http://www.foodsafetynews.com/2012/04/national-honey-board-honey-is-made-from-nectar-not-pollen/#.VUdMzfDw-jI
http://www.npr.org/blogs/thesalt/2011/11/25/142659547/relax-folks-it-really-is-honey-after-all

*One take-away from all the above: it is certainly a canard to claim that the store honey is "fake"

*Wasp elimination: see my blog for a story.

*I do buy into the idea that one attack on the bee population comes from people bringing home the flowers from Home Depot etc that have been treated with insecticides. My wife was doing that and I kept finding bees that were dying. I would think "hey, the bees have that disease or mites or something" but now I have to think it was the damned flowers she was buying. To give her credit, she find out what was happening on her own and will no longer buy such crap, she makes sure they are untreated. Guess what? The local small businesses are getting her business.

*Diabetes. To avoid type II, it's not so much about sugar. They have studied why the Indian reservations etc. are full of diabetics and the consensus is really about diet generally. Too much fat of the the greasy fast food variety looms big, not just the over processed carbs. Getting overweight by means of a bad diet is what it is in a nutshell. My 2 cents ala fleastiff style LOL.
The light at the end of the tunnel is often a freight train coming the other way! per Fleastiff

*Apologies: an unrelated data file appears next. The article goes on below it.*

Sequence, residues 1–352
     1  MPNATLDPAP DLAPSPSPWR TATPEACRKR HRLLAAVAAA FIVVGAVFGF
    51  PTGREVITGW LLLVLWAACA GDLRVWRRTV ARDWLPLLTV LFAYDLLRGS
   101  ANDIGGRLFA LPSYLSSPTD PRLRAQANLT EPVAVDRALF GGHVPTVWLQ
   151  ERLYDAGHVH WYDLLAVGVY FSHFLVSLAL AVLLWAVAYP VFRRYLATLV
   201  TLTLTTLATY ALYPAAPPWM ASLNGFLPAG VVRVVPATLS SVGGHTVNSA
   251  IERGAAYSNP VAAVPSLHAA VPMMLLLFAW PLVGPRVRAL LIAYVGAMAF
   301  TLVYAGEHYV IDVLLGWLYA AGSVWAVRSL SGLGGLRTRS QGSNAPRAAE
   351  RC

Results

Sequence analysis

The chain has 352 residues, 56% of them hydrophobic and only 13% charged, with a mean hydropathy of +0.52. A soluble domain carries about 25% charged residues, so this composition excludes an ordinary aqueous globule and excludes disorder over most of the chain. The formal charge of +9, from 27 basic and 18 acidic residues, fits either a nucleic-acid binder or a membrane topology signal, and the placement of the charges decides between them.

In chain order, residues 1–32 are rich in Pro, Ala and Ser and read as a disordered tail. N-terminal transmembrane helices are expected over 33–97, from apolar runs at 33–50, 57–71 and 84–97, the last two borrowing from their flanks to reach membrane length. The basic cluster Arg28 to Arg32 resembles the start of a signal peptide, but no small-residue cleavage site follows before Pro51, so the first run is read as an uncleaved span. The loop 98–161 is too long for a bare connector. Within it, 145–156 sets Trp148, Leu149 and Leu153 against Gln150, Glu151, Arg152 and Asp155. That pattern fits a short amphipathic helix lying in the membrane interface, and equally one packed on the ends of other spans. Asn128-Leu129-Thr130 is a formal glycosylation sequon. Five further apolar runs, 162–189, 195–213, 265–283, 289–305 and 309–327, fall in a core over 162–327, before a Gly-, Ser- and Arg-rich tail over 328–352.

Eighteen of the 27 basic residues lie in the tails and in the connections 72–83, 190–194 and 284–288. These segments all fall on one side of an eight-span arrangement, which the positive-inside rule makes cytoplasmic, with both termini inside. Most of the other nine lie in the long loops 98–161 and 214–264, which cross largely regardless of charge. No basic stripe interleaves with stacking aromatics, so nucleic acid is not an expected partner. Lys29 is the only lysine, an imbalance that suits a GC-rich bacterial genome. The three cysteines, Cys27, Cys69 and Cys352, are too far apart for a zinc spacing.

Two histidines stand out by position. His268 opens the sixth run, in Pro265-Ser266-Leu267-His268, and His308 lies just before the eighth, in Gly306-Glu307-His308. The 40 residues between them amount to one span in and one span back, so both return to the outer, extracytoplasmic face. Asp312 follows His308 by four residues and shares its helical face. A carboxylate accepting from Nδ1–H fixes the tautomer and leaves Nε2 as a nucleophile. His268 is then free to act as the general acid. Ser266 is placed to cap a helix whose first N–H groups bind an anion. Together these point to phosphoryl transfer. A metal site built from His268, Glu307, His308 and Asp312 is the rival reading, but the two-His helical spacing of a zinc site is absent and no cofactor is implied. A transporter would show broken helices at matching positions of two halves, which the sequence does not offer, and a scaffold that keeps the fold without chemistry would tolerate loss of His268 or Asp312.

May 4th, 2015 at 7:10:06 AM permalink
AZDuffman
Member since: Oct 24, 2012
Threads: 103
Posts: 6774
Quote: odiousgambit
my thoughts and 2 cents:

*A#1, this is totally awesome, AZ.


Thanks!


Quote:
*One take-away from all the above: it is certainly a canard to claim that the store honey is "fake"


There is one important thing on the pollen/nectar thing. There is a movement out there to take local honey instead of or in addition to allergy shots if you have hay fever. Plus if I do sell it I will have the various colors and ask how on earth is what you buy always the exact same?

But thanks for the rebuttal article. I do not want to sell using false scare tactics, though I will mention both sides and let people decide. People want to be told what to do so bad they will listen to anything.